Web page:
About half of the offenders living in north Minneapolis have assaulted a victim they didn’t know, and half have assaulted a child or teen, a Star Tribune analysis found.
Fearful residents have found ways to cope with so many sex offenders as neighbors.
One father won’t let his four children go anywhere near the offenders’ homes.
One young woman down the street checks an app on her phone that shows where sex offenders live.
One high school girl stays on alert when she passes a duplex housing offenders on her way to the bus stop.
“The North Side just happens to be where they sweep everything under the rug in Minneapolis,” said Will Lumpkins, who lives with his girlfriend on Golden Valley Road.
While not every sex offender is a danger, he said, putting so many of them here “is taking advantage of poverty in the neighborhood.”
Longtime residents like Dennis Wagner say they know their neighborhood has other problems. But he said the high number of sex offenders scares away families with children.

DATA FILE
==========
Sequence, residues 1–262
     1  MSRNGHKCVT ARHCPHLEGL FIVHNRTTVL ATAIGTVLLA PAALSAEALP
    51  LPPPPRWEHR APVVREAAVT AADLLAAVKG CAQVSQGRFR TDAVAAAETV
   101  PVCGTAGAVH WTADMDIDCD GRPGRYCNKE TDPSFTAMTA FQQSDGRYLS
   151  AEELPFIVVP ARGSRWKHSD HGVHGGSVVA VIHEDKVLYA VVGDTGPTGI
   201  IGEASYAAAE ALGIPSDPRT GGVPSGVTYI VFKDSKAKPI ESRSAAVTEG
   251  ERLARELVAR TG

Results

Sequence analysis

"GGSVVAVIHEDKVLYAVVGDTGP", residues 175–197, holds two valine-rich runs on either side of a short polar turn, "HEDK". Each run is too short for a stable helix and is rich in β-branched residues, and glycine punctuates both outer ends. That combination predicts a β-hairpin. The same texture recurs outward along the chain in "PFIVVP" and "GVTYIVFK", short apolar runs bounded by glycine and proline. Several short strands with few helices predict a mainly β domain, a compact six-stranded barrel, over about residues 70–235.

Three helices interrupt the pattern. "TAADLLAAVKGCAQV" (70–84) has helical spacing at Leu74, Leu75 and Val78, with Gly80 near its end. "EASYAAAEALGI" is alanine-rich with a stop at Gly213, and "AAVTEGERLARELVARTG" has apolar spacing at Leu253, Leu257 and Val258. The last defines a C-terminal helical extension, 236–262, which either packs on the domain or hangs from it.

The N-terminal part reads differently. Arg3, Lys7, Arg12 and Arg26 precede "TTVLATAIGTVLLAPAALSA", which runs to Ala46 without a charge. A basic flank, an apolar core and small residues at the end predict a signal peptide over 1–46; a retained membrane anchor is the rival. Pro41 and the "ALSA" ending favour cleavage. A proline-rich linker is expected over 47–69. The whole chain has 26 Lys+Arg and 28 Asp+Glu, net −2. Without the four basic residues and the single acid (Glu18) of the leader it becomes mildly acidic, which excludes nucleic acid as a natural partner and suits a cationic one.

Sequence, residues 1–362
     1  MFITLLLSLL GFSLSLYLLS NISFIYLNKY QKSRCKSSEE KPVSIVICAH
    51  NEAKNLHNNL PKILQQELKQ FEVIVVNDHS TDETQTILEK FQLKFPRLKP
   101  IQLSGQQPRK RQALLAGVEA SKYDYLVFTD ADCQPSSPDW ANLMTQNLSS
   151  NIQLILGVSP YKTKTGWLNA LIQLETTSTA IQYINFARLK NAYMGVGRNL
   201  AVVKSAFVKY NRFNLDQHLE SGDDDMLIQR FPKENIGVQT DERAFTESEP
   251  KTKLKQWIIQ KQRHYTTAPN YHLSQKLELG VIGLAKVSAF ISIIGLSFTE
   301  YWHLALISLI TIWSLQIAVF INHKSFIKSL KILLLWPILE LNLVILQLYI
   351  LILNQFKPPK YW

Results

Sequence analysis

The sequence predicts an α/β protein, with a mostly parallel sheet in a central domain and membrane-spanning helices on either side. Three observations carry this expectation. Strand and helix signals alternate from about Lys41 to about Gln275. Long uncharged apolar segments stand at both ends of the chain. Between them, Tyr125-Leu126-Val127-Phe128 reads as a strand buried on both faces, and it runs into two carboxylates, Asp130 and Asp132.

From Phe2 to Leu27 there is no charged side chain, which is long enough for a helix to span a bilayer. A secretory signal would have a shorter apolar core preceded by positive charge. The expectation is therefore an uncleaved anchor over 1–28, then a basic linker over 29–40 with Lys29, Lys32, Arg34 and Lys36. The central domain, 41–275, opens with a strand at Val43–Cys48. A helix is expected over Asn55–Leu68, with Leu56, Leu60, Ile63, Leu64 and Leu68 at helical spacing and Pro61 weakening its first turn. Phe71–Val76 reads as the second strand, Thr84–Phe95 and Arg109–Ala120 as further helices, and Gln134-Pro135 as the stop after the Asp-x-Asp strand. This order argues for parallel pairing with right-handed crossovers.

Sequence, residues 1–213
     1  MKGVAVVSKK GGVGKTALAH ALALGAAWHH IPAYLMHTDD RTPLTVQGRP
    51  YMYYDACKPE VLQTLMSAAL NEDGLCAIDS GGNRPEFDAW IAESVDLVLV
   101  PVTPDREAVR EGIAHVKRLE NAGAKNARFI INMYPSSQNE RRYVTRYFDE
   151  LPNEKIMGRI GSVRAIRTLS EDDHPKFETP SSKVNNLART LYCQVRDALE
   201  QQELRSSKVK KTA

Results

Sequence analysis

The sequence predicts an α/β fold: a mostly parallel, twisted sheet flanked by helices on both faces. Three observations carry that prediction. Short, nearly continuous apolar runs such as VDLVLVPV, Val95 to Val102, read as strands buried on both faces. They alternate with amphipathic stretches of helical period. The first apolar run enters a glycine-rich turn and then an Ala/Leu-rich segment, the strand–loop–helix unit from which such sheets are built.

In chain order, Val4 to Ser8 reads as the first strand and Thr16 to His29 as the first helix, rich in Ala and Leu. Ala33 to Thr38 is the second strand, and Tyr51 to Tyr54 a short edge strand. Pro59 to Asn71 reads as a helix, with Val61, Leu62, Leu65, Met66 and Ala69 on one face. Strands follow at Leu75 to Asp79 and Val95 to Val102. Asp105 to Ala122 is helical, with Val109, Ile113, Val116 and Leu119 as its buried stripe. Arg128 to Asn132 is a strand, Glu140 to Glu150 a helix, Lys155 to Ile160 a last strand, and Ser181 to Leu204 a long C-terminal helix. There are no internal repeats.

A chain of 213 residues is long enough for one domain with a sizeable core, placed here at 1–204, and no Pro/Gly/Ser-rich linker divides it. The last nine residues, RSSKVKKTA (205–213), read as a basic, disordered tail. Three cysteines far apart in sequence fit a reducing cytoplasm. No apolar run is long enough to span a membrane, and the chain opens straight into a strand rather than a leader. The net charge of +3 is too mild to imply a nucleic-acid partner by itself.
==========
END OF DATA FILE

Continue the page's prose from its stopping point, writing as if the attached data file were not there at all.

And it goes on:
“Would I want to buy a house here? Would I want to send my kids to school here? I don’t think so,” Wagner said. “It creates ghettos.”
Similar frustration is rising in St. Paul. Three of the city’s 32 offenders live in a duplex on Reaney Avenue on the east side of town, including one who has a history of sexually assaulting girls as young as 11.
“They’re always out there trying to pick up girls,” said the owner of the building, James Gee.
Gee said he’s worked with probation officers to rent his units to the offenders for a few years. But because of the trouble the offenders have caused, he said he is putting the building up for sale.
“A lot of the neighbors don’t like it,” he said. “In a couple months, they’ll be out of here.”
Some offenders say they have nowhere else to go. “Where do you want me to live, under a bridge?” asked one Level Three sex offender who lives on Golden Valley Road.
Despite the law, concentrating sex offenders actually has advantages, some corrections officials say.
One Hennepin County official pointed to a 2004 Colorado study showing that high-risk offenders are less likely to commit more crimes if they live in the same dwelling. A 2008 analysis by the Minnesota Department of Corrections found that only a 5 percent reoffend rate for Level Threes, lower than other sex offenders.
“They hold each other accountable,” said Hana O’Neil, sex-offender supervisor for Hennepin County Community Corrections and Rehabilitation.
Putting sex offenders in the same house, or the same neighborhood, can also make it easier to track them.